# Topology questions

#### Poirot

##### Banned
1) Endow Z with the toplogy T consisting of the empty set and all subsets containing 0.

Let g(Z,T)->(Z,T) be continouous and bijective. Prove that g is a homeomorphism.

Clearly I have to prove $g^{-1}$
is continuous but I can't see how to.

2) let f map polynomials to polynomials. Prove that if f(p(x))=1+1/2$\int_{0}\,^{x} p(t)\,dt$, the f is a contraction mapping with no fixed points

3)
Let B be a subset of X. For each B define the topolgy τ to consist of the subsets U of X such that U∩B is empty, plus the empty set. Let A be an infinite subset of X. Show that A is compact in X if and only if A ∩ B is not equal to the ∅.

#### Opalg

##### MHB Oldtimer
Staff member
Re: Tolpology questions

1) Endow Z with the toplogy T consisting of the empty set and all subsets containing 0.

Let g(Z,T)->(Z,T) be continouous and bijective. Prove that g is a homeomorphism.

Clearly I have to prove $g^{-1}$ is continuous but I can't see how to.
Notice that the definition of the topology T is closely tied to sets containing $0$. You are told that $g$ is continuous with respect to T. What does that tell you about $g(0)$? What can you then deduce about $g^{-1}(0)$? Use that information to show that $g^{-1}$ is continuous.

2) let f map polynomials to polynomials. Prove that if f(p(x))=1+1/2$\int_{0}\,^{x} p(t)\,dt$, the f is a contraction mapping with no fixed points
In order to define a contraction mapping, you need to have a metric on the space. You have not told us what the metric is in this case.

#### Poirot

##### Banned
Re: Tolpology questions

let's concentrate on the first for now. Is it intermediatle value theorem?

#### Opalg

##### MHB Oldtimer
Staff member
Re: Tolpology questions

let's concentrate on the first for now. Is it intermediatle value theorem?
No, it could hardly be further away from anything like the intermediate value theorem.

The mapping $g$ goes from the set $Z$ of integers to itself. So it is very discrete in nature, and certainly cannot take "intermediate" values. You are told that $g$ is continuous, but that has nothing to do with the usual idea of continuity. It means continuity with respect to the metric T.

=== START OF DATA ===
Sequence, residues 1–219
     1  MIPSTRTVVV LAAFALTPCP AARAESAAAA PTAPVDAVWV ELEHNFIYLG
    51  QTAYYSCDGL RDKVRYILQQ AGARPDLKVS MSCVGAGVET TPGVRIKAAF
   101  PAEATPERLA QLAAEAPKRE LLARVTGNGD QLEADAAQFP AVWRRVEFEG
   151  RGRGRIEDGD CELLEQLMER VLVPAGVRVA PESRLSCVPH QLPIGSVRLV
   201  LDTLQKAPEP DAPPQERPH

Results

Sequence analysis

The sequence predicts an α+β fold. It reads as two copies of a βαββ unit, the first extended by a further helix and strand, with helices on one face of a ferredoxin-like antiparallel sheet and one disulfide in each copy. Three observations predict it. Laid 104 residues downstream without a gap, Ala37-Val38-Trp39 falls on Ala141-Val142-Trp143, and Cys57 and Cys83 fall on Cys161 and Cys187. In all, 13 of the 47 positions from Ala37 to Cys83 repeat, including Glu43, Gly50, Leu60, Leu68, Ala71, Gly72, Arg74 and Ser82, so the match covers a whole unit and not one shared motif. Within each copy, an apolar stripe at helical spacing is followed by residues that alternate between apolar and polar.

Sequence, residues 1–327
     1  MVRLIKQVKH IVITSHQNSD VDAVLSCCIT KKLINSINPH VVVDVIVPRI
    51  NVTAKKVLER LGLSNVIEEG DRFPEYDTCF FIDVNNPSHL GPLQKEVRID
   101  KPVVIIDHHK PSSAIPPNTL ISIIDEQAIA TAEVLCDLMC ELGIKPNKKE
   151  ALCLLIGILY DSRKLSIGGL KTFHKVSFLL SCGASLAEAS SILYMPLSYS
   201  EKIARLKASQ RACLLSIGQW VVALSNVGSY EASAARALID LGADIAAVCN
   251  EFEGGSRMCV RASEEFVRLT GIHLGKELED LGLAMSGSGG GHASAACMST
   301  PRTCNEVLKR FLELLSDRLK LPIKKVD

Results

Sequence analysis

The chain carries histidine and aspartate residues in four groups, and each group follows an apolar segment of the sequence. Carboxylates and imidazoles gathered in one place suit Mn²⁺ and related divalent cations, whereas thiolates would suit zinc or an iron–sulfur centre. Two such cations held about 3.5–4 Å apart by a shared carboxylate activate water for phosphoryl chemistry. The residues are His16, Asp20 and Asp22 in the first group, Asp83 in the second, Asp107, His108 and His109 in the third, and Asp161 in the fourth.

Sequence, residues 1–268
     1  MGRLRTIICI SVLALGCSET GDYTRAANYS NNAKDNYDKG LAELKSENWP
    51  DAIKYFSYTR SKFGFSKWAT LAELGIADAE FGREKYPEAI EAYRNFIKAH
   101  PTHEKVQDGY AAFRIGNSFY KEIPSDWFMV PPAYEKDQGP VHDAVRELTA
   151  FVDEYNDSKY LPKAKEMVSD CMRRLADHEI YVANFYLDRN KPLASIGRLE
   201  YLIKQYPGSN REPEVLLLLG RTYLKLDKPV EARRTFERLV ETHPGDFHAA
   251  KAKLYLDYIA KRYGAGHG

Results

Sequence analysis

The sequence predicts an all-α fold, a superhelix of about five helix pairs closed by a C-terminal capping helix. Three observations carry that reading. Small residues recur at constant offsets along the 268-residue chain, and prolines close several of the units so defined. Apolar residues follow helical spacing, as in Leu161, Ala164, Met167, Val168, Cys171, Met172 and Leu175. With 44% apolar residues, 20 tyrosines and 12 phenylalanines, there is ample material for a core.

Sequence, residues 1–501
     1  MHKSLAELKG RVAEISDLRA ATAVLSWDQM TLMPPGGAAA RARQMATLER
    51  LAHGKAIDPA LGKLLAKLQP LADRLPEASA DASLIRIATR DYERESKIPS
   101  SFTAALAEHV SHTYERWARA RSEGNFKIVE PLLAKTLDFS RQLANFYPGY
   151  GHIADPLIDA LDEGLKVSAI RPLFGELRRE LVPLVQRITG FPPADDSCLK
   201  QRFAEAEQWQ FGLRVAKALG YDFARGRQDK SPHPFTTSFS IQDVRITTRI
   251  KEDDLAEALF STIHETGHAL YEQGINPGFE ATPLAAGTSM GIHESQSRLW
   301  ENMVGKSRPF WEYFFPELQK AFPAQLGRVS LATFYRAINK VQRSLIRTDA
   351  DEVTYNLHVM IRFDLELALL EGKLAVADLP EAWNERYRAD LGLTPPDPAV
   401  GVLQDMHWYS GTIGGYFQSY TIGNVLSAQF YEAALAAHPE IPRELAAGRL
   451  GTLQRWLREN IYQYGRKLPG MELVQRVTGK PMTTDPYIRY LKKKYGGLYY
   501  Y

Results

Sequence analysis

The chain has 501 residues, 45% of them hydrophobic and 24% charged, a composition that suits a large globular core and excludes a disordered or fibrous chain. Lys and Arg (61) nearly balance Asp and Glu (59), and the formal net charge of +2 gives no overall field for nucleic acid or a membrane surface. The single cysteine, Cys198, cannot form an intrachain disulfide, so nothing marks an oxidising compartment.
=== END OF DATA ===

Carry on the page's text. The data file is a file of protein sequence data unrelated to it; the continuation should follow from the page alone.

The definition of continuity for a mapping $g$ on a metric space says that if $U$ is an open set then $g^{-1}(U)$ is open. Here, you need to use the definition of openness for the topology T, namely that a subset of $Z$ is open if it contains 0.

#### Poirot

##### Banned
Re: Tolpology questions

No, it could hardly be further away from anything like the intermediate value theorem.

The mapping $g$ goes from the set $Z$ of integers to itself. So it is very discrete in nature, and certainly cannot take "intermediate" values. You are told that $g$ is continuous, but that has nothing to do with the usual idea of continuity. It means continuity with respect to the metric T.

The definition of continuity for a mapping $g$ on a metric space says that if $U$ is an open set then $g^{-1}(U)$ is open. Here, you need to use the definition of openness for the topology T, namely that a subset of $Z$ is open if it contains 0.
I need to show for every open set U in (z,T), g(U) is open n (Z,T). If U is empty, it is trivial. Otherwise U contains 0. But I don't know anything about g(U)

#### Opalg

##### MHB Oldtimer
Staff member
Re: Tolpology questions

I need to show for every open set U in (z,T), g(U) is open n (Z,T). If U is empty, it is trivial. Otherwise U contains 0. But I don't know anything about g(U)
Start by looking at what you do know. You know that $g$ is continuous. This means that $g^{-1}(U)$ is open whenever $U$ is open. In other words, $g^{-1}(U)$ contains 0 whenever $U$ contains 0. What does that tell you about $g^{-1}(0)$?

#### Poirot

##### Banned
Re: Tolpology questions

$g^{-1}(0)$ is the union of all open sets?

BTW I will put the other questions in seperate threads

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#### Opalg

##### MHB Oldtimer
Staff member
Re: Tolpology questions

$g^{-1}(0)$ is the union of all open sets?
More like the intersection of all open sets (excluding the empty set).

We got as far as saying that $g^{-1}(U)$ contains 0 whenever $U$ contains 0. In particular, the set $U=\{0\}$ contains $0$. Therefore $g^{-1}(\{0\})$ contains $0$. But $g$ is bijective, so $g^{-1}(0)$ consists of a single point. That single point must be (what?).

#### Poirot

##### Banned
Re: Tolpology questions

0. So therefore g(0)=0. 0 is in all non-empty open sets, so 0 must be in their image. Q.E.D.